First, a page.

Vincent Qwan said he lost faith in the country’s press long ago.

"I don’t trust the local media anymore," he said. "TV, newspapers, I don’t trust them anymore. So only online source of news, there is a lot of chat by the public on the news online. I believe it is more rational as compared to bias news on Malaysia radio, newspapers."

But there is no censorship online, and niche online news websites such as Malaysiakini have been quick to fill the public appetite for independent news.

Malaysia's opposition leader Anwar Ibrahim is greeted by his supporters after an election campaign rally in Petaling Jaya outside Kuala Lumpur, May 1, 2013.Malaysia's opposition leader Anwar Ibrahim is greeted by his supporters after an election campaign rally in Petaling Jaya outside Kuala Lumpur, May 1, 2013.
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Malaysia's opposition leader Anwar Ibrahim is greeted by his supporters after an election campaign rally in Petaling Jaya outside Kuala Lumpur, May 1, 2013.
Malaysia's opposition leader Anwar Ibrahim is greeted by his supporters after an election campaign rally in Petaling Jaya outside Kuala Lumpur, May 1, 2013.
The news site is often critical of the government and over recent weeks has published stories about allegations of electoral fraud and government corruption scandals - some that are blacked out in the state media altogether.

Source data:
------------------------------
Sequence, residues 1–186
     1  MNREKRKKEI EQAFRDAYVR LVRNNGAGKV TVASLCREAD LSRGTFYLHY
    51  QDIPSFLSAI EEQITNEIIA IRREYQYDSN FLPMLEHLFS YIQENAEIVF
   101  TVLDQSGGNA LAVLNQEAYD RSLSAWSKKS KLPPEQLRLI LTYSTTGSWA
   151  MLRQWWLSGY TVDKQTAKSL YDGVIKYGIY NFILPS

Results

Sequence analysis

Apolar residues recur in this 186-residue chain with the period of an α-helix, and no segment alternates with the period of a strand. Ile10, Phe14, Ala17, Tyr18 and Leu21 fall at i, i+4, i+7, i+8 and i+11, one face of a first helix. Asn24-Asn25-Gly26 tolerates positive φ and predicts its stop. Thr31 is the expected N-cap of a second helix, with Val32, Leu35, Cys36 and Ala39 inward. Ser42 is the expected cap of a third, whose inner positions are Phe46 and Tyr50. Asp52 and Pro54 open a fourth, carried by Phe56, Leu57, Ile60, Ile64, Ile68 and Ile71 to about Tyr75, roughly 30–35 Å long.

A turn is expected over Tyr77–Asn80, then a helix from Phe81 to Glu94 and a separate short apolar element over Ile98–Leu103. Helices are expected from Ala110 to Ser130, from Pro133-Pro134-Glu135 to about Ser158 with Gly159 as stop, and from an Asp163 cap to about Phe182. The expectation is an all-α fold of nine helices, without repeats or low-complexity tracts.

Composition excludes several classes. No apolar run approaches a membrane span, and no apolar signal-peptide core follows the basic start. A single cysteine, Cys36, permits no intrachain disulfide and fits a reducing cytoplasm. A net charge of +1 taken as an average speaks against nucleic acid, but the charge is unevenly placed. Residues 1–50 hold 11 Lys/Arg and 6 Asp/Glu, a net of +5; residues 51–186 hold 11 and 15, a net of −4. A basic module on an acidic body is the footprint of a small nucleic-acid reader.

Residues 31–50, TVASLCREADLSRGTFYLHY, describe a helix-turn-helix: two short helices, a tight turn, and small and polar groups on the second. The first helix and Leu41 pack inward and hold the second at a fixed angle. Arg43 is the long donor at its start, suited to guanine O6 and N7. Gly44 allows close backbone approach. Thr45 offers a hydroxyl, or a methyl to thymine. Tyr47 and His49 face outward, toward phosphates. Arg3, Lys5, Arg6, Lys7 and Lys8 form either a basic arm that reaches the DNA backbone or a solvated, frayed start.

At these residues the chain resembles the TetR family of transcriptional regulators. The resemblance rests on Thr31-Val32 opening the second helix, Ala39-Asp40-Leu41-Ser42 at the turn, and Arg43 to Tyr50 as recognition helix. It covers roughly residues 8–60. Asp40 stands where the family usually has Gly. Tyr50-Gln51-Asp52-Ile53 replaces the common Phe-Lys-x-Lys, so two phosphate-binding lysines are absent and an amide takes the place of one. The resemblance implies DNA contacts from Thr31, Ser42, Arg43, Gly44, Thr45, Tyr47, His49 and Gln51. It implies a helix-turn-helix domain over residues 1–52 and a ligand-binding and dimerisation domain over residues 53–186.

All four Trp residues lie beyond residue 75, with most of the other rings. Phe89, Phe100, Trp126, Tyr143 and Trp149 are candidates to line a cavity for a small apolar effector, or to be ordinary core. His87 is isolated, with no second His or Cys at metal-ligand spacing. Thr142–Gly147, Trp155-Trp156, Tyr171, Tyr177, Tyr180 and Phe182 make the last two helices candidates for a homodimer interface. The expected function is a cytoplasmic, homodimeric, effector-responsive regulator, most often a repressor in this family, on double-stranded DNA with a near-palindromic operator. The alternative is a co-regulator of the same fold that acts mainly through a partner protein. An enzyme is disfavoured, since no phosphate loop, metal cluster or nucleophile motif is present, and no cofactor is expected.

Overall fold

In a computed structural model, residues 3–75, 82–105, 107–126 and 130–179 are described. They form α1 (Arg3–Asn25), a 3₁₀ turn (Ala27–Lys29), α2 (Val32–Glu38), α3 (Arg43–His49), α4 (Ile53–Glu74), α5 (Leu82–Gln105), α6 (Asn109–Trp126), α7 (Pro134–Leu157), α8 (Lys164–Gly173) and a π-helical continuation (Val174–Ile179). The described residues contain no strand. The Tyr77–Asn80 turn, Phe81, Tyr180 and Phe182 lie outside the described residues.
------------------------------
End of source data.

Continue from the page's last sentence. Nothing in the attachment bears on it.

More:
Malaysiakini editor Steven Gan said the site plays an important role in offering an alternative voice.

"Some people would say the difference between traditional media and the Internet media is like heaven and earth. There is a vast difference there," he said. "What you read in the mainstream media, there are a lot of issues that are not being reported in the mainstream media that are being reported in the Internet media."

The ruling party has also been ramping up its presence online, launching a live stream of its press briefings and spending heavily on online advertising.

Analysts have even dubbed this, Malaysia’s first ‘social media election’ played out on the political battleground of the Internet.

Despite the lack of online censorship, several websites, including Malaysiakini and other online news sites, were the subject of well-planned cyber attacks this week.

Political analyst Tricia Yeoh, whose own website was also hacked, said it is important to ensure online news sites are not compromised on election day.

"Come election day when the election results start to stream in we really want to make sure those sites are secure so that the results can be made known immediately to the public and there’s no delay in getting the results out," said Yeoh.

Human Rights Watch this week said the Malaysian government has a duty to investigate and shut down all cyber attacks, and ensure everyone can access information without interference.

Some 13.3 million Malaysians are registered to vote in Sunday’s poll, with the preliminary results expected early Monday morning.